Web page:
# GRE (mathematics subject) question - 14% success

• Phoeniyx
In summary: The limit for f(x) is as x approaches 0+, and as x approaches 0- it tends to 0+. So, you would get a horizontal tangent line at 0 if and only if x=0.
Phoeniyx
Hey guys. This question is really bugging me. (Please see question #63 here: http://www.ets.org/s/gre/pdf/practice_book_math.pdf) - written below for your convenience.

$f(x) = xe^{-x^{2}-x^{-2}}, x \neq 0$
$f(x) = 0, x = 0$

(apologies for not knowing the itex command do write this as a single f(x))

The question is, at how many values of $x$ does the graph of f(x) have a horizontal tangent line?

For those of you that like a challenge, only 14% of the testers answered this correctly and is the least correctly answered question of the whole test.

Differentiating f(x) at all x != 0 would yield two real results (and two imaginary results - which is ignored). The real question IMO is what happens at x == 0.

As $x$ approaches 0+, f(x) tends to 0+ and as $x$ approaches 0-, f(x) tends to 0-(since the exponential tends to 0 either way).

So, how can there be a horizontal tangent line at 0? Thanks!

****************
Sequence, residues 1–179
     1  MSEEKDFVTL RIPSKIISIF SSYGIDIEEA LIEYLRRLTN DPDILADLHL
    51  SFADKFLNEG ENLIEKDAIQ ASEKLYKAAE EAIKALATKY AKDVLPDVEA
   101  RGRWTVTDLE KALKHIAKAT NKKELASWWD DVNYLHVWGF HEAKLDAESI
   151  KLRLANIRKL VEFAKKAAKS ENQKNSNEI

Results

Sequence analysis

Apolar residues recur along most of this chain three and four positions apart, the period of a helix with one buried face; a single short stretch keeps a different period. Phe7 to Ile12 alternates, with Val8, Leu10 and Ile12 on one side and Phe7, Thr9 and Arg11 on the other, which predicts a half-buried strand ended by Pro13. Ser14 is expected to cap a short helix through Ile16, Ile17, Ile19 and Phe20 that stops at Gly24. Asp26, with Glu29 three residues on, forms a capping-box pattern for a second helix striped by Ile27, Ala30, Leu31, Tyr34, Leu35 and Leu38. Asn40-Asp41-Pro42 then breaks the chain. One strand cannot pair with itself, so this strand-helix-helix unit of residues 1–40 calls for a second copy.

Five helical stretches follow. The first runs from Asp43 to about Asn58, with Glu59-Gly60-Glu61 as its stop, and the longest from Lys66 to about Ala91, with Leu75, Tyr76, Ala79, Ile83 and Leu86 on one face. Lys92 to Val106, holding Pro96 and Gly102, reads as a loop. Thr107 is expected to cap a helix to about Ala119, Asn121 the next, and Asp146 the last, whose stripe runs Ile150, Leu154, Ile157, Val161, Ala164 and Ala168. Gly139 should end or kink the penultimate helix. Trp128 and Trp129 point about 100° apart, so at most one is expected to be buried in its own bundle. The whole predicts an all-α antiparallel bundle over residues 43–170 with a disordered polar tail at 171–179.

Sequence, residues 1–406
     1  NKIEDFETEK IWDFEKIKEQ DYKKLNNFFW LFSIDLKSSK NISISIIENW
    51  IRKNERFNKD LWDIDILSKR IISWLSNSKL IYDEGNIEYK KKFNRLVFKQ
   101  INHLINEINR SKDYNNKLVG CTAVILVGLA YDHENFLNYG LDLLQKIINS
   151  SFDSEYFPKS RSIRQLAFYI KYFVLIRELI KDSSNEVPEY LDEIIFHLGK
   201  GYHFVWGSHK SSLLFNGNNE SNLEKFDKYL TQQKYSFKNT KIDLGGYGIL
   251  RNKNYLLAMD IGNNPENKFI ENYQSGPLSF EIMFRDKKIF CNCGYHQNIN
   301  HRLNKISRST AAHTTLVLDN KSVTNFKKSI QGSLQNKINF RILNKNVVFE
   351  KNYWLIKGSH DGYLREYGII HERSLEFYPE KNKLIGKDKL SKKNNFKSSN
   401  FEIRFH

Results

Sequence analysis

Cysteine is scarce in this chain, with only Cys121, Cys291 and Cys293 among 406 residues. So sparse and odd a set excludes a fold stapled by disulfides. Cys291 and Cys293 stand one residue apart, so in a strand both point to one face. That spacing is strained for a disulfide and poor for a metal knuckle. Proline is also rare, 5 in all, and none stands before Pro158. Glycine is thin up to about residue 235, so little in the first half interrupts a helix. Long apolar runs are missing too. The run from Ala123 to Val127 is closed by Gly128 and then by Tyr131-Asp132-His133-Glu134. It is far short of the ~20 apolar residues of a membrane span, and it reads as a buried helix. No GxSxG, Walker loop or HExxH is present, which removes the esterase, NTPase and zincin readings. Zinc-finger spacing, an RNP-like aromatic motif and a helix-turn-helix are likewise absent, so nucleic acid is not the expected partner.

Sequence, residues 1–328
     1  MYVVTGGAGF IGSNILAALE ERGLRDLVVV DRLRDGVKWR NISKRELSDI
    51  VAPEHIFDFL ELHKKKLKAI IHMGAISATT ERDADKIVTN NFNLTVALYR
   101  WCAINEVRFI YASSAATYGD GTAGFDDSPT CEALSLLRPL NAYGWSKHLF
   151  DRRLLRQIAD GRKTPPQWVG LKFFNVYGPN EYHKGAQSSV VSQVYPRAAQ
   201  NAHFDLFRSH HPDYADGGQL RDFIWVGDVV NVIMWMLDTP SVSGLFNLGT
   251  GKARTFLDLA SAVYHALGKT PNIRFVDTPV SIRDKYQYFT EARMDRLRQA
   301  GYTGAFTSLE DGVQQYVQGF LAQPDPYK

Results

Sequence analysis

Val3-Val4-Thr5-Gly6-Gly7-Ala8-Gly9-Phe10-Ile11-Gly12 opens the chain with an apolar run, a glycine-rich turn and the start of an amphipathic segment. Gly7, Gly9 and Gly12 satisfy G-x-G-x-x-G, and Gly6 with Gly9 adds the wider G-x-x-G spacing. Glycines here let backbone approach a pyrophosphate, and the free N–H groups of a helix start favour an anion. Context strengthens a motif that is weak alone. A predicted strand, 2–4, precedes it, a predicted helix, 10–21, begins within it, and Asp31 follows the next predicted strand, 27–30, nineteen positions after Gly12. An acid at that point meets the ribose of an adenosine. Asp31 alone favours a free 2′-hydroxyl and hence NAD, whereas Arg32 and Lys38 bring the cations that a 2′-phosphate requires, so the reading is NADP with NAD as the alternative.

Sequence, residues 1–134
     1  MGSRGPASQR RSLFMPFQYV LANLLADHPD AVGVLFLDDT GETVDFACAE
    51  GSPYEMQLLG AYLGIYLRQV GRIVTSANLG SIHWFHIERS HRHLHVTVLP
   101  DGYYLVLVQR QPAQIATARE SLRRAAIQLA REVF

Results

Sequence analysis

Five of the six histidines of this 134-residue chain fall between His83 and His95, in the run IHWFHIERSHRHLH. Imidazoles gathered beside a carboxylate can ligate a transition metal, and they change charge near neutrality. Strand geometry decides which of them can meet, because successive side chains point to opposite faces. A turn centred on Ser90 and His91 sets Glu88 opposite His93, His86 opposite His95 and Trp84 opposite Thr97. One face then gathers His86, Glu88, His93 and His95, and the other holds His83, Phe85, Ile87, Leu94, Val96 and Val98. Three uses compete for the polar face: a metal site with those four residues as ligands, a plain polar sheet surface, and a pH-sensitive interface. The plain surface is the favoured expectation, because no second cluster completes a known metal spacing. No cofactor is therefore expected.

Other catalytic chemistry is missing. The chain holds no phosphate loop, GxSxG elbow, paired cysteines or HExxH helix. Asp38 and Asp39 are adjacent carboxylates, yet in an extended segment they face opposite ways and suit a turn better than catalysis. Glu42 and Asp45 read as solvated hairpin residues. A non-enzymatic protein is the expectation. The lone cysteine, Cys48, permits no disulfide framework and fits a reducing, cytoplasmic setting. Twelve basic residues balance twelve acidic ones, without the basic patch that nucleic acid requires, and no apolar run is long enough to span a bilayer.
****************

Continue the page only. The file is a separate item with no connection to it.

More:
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Calculate f'(0). Since f'(0) = 0, tangent is horizontal.

But, it's 0+ on one side and 0- on the other, and obviously "0" at 0. From a purist perspective (whatever that means), the tangent will never be "horizontal" - even though it can be made infinitesimally close to it. But, the question is not asking for the latter, but the former ("horizontal"). IMO, the tangent will always have a positive slop (to go from 0- to 0+), even if the slope can be made as arbitrarily small as needed.. No?

Phoeniyx said:
But, it's 0+ on one side and 0- on the other, and obviously "0" at 0. From a purist perspective (whatever that means), the tangent will never be "horizontal" - even though it can be made infinitesimally close to it. But, the question is not asking for the latter, but the former ("horizontal"). IMO, the tangent will always have a positive slop (to go from 0- to 0+), even if the slope can be made as arbitrarily small as needed.. No?